The Financial Industry Regulatory Authority (“FINRA”) released its 2018 Examination Findings Report on December 7, 2018. This examination report recounts specific areas in which FINRA members are not measuring up to industry standards. So, if your investment advisers just sent to you statements for your investment portfolio and you think perhaps it’s not what you expected, then it may be because they engaged in some of the substandard practices as identified by FINRA in this report. And if you have those concerns, then it may be advisable to have a legal audit of your investment portfolio performed by experienced securities industry attorneys.
Two significant areas that require better accountability in the industry as highlighted by FINRA in its 2018 report are (1) product suitability and (2) abuse of authority. Product suitability is just what it sounds like. FINRA observed that investment representatives continue to make unsuitable recommendations to retail investors based on a number of factors, including the customer’s financial situation and needs, investment experience, risk tolerance, time horizon, investment objectives and perhaps most importantly liquidity needs. And there are legal standards that apply to these factors. Time and time again, for example, investment advisers put their clients into long-term investments that makes them unavailable for their customer’s short-term needs. If you think this applies to you, then you should have a legal audit conducted on your investment portfolio.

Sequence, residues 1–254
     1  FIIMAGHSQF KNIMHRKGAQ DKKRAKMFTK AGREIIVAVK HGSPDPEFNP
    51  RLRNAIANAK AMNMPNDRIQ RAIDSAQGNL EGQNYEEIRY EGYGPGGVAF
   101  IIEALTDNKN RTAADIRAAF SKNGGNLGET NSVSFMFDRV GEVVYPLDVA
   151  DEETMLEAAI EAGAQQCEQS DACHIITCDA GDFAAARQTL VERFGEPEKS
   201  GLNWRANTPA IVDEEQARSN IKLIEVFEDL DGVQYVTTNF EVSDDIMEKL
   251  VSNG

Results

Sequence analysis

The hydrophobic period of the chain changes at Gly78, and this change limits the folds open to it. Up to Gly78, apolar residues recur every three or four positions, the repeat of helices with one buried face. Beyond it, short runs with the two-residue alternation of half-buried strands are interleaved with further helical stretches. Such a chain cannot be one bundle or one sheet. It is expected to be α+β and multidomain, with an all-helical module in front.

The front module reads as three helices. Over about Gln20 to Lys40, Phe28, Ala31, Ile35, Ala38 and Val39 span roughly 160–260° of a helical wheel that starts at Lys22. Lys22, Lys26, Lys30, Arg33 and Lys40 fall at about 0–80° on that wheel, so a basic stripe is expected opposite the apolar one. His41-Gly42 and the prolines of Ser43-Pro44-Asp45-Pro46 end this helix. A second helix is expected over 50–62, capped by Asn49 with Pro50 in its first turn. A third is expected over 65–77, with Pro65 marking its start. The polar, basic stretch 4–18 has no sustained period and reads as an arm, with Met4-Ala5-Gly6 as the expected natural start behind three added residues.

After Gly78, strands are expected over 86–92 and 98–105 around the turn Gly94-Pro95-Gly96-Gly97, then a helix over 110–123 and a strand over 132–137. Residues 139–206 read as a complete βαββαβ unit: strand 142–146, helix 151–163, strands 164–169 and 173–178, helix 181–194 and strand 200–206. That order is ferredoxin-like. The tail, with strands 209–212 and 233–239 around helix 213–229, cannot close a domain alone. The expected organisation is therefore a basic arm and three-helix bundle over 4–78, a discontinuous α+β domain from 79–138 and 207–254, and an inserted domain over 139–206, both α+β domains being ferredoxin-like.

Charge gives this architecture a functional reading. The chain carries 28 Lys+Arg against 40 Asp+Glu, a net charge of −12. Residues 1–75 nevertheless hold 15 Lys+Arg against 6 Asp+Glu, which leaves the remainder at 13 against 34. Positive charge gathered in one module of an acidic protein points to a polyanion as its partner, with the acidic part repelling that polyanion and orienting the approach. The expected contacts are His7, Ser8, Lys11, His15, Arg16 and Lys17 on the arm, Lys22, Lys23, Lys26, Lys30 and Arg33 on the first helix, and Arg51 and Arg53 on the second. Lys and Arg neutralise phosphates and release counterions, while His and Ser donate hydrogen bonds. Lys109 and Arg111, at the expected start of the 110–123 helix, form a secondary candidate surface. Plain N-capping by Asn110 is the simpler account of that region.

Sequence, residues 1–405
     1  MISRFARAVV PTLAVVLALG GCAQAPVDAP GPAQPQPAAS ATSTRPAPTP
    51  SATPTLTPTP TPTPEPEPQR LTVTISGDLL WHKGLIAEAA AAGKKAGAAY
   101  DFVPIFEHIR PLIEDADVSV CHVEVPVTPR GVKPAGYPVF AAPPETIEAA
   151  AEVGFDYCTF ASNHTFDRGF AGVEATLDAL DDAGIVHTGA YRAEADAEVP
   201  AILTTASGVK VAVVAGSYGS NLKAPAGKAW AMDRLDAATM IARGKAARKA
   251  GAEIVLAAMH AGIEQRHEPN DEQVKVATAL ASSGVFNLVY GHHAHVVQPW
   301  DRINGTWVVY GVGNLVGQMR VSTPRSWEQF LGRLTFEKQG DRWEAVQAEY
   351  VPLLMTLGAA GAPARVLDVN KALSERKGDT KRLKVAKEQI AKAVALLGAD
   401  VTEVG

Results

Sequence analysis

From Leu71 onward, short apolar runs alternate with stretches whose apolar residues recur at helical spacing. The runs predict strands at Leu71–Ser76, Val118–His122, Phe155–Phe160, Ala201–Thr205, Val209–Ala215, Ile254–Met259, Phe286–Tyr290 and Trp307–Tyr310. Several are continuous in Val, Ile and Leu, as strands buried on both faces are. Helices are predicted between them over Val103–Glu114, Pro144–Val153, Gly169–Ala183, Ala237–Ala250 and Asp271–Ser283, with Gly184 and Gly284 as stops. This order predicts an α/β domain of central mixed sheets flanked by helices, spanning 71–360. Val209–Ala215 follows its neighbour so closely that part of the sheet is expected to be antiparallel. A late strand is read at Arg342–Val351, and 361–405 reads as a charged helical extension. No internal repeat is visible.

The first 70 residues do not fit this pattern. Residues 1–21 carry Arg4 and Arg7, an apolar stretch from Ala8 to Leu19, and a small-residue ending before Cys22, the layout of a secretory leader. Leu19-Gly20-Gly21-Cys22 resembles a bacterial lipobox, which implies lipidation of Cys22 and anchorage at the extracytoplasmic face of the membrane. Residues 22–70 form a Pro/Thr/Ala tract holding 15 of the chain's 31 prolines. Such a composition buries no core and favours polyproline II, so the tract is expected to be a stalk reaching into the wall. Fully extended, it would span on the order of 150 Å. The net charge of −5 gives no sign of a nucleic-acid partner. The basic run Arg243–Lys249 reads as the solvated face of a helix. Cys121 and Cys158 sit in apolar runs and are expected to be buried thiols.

Abuse of authority is also just what it sounds like, namely customers give registered representatives authority to act on their behalf and these advisers exceed that authority. This is usually seen in the form of unsuitable or excessive trading, which FINRA observed in its report as a problem that continues in the industry. For example, FINRA found “situations where some firms or registered representatives exposed investors to unnecessary risks and firms had not established controls – including those to comply with obligations under FINRA Rule 2510 (Discretionary Accounts) – to mitigate those risks.” Those risks included some registered representatives exercising discretion in their customer accounts without the customer’s prior written authorization, exercising discretion after the authority to do so had expired, and having customer’s sign blank suitability or new account forms. And, even if you provide authorization for your representative to engage in discretionary trading, you should still have your accounts reviewed at frequent intervals. Again, if you think this may apply to you, a legal audit conducted on your investment portfolio may uncover abuse of authority by your investment adviser.
Author: Brian St. James